• Greensand - no, not what's in the kid's sandbox after the neighbor's cat gets done.  This greensand is chocked full of trace minerals and a great source of iron that won't be so harsh like the synthetic iron supplements you may have been used to.  It can go out at a rate of 2 - 4 lbs per 100 square feet.  You shouldn't need to add this amendment but once in a while as most of the nutrients it contains are not readily leached or used up by the plants.  We have it in 40lb bags and it is very reasonably priced, especially since a little goes such a long way.     
  • Dry Molasses - naw, not the stuff Granny baked with - but boy will the microbes in your soil eat it up!  We don't want to spoil them too much, it only needs to go out at about 5lbs per 1000 square feet.  This amendment can also be sprayed on in a liquid molasses form.  If you're not seeing too many earthworms in that soil, it may not mean that the neighbor is using them for bait.  There may just not be enough good stuff to attract them.  You can add this periodically to keep the microbes and the earthworms happy.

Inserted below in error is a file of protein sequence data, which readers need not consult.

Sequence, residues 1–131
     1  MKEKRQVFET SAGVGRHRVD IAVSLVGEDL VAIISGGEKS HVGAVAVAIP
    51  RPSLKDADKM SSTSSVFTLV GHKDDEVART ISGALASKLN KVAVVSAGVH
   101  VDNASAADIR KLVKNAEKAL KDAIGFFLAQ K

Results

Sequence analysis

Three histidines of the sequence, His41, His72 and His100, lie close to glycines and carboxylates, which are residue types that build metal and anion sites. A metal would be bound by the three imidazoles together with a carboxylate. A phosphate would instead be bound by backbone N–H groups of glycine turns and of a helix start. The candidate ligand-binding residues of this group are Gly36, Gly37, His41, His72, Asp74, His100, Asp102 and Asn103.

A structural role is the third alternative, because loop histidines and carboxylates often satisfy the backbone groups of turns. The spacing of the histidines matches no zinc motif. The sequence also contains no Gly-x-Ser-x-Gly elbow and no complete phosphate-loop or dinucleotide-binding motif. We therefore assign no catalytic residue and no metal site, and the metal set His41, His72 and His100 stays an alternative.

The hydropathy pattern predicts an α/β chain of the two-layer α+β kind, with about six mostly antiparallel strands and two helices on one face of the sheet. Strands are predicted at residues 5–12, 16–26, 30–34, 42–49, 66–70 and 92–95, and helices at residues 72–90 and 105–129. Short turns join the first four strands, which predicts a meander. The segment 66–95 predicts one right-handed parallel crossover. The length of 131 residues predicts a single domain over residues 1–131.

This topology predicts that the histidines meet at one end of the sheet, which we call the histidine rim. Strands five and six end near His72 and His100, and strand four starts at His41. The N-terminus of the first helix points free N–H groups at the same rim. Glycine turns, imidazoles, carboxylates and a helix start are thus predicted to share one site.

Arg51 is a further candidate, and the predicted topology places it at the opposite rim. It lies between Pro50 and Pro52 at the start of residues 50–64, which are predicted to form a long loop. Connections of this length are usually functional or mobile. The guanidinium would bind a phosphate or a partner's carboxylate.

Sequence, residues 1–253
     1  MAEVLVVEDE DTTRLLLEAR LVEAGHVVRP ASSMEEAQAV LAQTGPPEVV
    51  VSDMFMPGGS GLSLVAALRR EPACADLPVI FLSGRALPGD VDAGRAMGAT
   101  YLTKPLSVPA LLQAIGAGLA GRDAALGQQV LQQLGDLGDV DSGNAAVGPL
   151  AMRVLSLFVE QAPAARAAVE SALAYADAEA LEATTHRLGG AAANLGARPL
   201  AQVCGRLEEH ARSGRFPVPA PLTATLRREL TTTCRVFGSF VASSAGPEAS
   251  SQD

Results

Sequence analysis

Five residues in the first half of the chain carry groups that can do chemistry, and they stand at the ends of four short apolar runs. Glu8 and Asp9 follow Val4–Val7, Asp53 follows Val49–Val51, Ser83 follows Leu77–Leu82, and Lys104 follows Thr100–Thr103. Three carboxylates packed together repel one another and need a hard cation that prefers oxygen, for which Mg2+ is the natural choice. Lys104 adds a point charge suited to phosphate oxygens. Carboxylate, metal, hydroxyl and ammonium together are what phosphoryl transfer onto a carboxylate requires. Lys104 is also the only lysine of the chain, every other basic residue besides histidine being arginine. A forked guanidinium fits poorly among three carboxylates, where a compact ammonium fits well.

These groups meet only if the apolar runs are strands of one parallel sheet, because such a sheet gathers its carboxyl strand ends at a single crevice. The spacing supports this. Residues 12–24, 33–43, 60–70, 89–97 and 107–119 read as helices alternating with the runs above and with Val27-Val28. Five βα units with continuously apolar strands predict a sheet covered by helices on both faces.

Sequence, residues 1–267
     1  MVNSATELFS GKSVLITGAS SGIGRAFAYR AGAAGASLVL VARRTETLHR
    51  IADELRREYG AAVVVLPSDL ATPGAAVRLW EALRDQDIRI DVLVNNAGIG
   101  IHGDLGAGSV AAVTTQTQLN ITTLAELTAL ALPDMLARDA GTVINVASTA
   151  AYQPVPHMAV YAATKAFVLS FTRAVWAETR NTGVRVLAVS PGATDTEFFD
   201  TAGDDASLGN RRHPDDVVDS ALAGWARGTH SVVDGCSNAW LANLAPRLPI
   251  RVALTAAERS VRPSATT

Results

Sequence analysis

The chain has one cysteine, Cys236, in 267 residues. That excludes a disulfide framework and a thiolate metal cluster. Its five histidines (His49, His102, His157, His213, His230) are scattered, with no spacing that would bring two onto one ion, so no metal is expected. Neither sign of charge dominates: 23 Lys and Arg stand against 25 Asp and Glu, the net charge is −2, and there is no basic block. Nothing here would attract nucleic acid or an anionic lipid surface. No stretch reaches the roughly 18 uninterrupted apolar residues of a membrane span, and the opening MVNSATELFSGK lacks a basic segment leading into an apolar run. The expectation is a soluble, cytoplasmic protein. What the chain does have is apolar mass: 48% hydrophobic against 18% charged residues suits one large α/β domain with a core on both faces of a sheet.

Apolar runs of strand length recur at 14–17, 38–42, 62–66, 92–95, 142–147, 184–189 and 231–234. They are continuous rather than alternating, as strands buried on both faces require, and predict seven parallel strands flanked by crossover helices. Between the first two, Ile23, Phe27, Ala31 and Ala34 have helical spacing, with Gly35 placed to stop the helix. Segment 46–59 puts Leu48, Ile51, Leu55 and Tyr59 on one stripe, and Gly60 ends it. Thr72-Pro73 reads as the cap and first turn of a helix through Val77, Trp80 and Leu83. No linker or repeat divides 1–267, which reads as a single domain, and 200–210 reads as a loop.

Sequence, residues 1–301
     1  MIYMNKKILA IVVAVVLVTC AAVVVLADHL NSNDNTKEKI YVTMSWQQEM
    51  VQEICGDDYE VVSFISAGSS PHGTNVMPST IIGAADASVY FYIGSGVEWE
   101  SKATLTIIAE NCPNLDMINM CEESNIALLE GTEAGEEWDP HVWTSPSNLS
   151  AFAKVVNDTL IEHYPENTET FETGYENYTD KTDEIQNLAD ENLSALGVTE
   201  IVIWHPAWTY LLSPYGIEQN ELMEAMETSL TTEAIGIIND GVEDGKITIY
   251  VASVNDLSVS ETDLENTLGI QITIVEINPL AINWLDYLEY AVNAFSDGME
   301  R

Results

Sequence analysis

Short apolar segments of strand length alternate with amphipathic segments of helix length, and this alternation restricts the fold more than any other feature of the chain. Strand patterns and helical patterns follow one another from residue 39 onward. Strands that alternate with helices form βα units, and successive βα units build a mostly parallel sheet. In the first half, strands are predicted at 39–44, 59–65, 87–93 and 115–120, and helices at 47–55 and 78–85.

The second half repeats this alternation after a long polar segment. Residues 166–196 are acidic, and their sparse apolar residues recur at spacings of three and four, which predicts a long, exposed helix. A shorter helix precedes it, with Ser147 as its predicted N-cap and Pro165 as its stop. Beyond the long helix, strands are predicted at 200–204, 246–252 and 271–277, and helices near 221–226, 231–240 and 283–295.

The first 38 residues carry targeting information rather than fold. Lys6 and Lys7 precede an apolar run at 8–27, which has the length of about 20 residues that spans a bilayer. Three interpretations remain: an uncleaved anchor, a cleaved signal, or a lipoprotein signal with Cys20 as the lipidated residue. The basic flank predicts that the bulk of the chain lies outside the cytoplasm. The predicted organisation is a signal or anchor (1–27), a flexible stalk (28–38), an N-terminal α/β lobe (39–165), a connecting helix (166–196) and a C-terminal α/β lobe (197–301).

• Cornmeal - not the kind you'd make muffins out of!  This is an animal food grade cornmeal that still contains all the good parts of the  meal.  It helps control and kill fungi that grow in the soil and often cause root problems.  Common brown patch, Phytophthora, a fungus that can take out a bed of periwinkles, and other various fungal diseases can all be controlled with corn meal.  We add it to our soil preparation just as a preventative measure and it adds a bit of nutrition, too.  Shouldn't need more than about 10lbs per 1,000 square feet.  Comes in various sizes.    
  • General Organic Fertilizer - you pick your favorite.  We suggest a nicely balanced one like Maestro Gro's Texas Tea or Biofrom Dry.  Just stay away from the synthetic based high nitrogen mixes.  Most of them will just leach away after a good rain anyway.  (As in leach a way into your water tank, drinking water system or our rivers and streams that is. More about why that is bad on our environmental page.)
  • Earthworm Castings - that's worm poop for you newbies.  Earthworms eat, well, they eat earth.  So what a better place to find a nice wide variety of nutrients, minerals and even some earthworm eggs!  You can double up on this one.  Put it out at 10 - 20 lbs per 1,000 square feet - and then put a pinch in each hole before you put the seed or plant in.  All that eating will help keep your black gumbo soil aerated.        
  • Lime - we don't mean slice up a bunch of little green limes and toss them out there.  If you've got rocky soil, you may need to add some lime, as in the nutrient, to help balance things out.  Give us a call and we'll help you out here, or send a sample of your soil to www.txplant-soillab.com and they can tell you how much of it you need - if you need it at all.